2019 went down as the worst year for the UK real estate in a decade. The markets were mainly affected by the pending premiership elections and the Brexit. While the uncertainty hasn’t fully cleared, some parts of Europe are already experiencing modest to massive gains in their real estate rental prices.
One such place is Croatia – where since last year, the market price per square meter for rental apartments has jumped by about 10%, placing the country’s rates at position three in the whole of Europe.
Some of the places in Croatia with the highest apartment rental rates include Zagreb, Dubrovnik, and Split, while the lowest priced areas are Slavonski Brod, Sisak, and Vukovar.
Analysts say Croatia is unlikely to experience more “appropriate or realistic” prices for the whole of this year.
The sector is fast recovering, and prices could rise to new highs. Coming third after Luxembourg and Hungary, Croatia has experienced a significant increase in its prices in the region. Last year alone, the state recorded more than 100,000 real estate transactions involving the buying and selling of properties.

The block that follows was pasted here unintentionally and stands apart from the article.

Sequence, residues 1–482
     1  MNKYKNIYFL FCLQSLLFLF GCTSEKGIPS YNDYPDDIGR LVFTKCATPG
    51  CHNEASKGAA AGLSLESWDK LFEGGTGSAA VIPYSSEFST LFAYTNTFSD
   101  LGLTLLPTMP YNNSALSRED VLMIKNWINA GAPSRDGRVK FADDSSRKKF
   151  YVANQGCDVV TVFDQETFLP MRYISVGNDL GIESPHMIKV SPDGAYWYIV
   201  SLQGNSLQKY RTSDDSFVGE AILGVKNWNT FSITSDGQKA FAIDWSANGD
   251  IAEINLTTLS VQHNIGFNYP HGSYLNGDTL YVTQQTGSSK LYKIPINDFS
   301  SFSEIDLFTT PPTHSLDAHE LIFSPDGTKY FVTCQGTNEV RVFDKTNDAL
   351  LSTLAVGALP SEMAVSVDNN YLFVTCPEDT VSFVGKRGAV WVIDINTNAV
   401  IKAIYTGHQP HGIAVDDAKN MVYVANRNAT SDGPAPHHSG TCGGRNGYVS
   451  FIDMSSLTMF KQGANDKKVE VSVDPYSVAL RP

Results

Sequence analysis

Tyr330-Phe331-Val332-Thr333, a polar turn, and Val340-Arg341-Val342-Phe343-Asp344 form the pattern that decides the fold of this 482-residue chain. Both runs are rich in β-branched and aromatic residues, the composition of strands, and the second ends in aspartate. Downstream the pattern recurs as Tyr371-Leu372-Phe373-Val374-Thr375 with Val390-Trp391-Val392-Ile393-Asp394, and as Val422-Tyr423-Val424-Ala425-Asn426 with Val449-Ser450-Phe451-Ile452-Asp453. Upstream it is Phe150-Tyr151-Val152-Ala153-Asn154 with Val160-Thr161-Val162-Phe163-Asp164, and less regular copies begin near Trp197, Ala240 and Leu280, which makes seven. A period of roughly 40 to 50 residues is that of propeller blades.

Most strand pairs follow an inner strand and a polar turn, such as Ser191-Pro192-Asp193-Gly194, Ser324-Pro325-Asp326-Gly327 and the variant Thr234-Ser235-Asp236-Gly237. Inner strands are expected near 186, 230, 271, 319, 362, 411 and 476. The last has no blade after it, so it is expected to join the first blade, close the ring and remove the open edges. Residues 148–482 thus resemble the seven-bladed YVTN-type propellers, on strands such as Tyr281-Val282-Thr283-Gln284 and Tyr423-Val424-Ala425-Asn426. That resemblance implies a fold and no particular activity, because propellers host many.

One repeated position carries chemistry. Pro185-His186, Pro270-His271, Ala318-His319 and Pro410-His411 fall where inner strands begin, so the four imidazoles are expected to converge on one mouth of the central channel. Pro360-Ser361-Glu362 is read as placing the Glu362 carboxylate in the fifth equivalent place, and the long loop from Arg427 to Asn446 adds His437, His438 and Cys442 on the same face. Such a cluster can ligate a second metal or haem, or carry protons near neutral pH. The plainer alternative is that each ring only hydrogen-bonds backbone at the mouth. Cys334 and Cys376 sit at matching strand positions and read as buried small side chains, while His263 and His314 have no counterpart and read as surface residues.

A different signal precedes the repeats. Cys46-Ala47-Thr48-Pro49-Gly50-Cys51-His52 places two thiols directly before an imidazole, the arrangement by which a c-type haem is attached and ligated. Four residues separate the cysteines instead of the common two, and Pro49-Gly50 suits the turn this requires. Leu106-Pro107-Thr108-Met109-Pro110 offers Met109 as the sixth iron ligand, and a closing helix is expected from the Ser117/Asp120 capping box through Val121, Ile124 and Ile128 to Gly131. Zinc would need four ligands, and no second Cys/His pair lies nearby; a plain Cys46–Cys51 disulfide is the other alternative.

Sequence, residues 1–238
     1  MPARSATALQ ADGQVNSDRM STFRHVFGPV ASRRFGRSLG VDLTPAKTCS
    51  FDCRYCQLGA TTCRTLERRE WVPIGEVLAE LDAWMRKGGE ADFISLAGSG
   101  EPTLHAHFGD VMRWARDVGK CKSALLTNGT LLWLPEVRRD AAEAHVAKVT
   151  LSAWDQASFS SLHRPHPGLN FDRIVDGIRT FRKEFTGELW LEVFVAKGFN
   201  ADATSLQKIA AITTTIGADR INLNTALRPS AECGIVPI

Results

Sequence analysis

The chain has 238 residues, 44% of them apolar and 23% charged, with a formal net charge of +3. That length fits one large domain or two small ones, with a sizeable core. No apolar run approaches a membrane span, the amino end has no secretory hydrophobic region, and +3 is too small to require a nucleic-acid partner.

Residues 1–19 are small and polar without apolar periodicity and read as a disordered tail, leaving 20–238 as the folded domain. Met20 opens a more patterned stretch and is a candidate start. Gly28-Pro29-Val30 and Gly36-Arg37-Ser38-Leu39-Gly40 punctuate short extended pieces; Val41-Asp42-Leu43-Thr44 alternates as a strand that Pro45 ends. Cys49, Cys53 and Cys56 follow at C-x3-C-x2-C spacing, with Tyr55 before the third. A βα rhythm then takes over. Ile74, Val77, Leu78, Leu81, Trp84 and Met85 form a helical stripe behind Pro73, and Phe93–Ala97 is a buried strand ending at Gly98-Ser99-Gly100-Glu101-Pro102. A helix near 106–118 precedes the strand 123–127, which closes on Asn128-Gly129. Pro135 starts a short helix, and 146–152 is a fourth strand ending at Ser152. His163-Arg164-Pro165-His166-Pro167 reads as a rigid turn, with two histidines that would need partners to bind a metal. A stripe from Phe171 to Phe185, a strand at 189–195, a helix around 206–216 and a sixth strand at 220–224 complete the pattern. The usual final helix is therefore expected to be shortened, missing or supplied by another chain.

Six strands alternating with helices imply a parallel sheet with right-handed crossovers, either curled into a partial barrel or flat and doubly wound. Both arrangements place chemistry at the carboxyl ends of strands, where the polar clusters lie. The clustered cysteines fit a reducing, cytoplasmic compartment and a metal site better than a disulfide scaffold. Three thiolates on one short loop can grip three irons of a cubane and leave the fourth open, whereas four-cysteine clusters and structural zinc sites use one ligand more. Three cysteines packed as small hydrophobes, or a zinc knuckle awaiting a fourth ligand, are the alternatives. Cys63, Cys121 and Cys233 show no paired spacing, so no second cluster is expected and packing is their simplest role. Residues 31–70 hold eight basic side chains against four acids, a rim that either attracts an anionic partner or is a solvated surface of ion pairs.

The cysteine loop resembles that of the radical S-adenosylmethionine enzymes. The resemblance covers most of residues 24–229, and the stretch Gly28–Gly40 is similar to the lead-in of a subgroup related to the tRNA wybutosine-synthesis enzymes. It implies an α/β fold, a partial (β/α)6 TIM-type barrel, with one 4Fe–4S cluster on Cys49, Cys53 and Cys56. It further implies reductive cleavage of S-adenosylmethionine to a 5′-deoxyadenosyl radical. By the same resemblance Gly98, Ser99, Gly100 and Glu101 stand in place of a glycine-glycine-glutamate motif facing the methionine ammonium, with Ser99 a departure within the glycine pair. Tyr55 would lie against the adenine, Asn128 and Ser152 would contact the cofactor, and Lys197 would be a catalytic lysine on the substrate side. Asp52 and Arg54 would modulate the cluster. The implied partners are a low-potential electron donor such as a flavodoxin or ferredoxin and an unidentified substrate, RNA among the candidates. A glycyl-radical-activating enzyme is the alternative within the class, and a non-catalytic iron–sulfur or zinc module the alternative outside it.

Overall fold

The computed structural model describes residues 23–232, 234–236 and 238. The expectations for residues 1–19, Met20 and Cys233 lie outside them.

Croatian property site HRT wrote: “Zagreb, as the capital and most economically developed centre, is actually a magnet for investment in the real estate market. Residential construction is booming. Thousands of apartments are being built. The investment boom has raised prices to more than 2,000 euros per square metre.”
Prices that properties are sold for and the asking prices are always at conflict.
“New builds, which is the leader in price growth, are quite good quality and then other real estate owners feel called upon to raise prices. We see that the market is not responding and that it is slowing down and we expect prices to stabilise,” president of the Real Estate Association at the Croatian Chamber of Economy Dubravko Ranilovic said.
Counties that registered the most significant price increments were Istria and Split-Dalmatia.
The coastal part of Croatia has been one of the most sought-after areas by real estate investors, and about 20% of properties in the area are owned or purchased by foreigners.
But funding remains a huge challenge for most Croatians, despite subsidies and favourable loans. With an average salary of 6,464 Kuna (£744) as of March last 2019, only a handful of the country’s citizenry can afford decent apartments.
1 Croatian Kuna=0.12 Sterling Pound *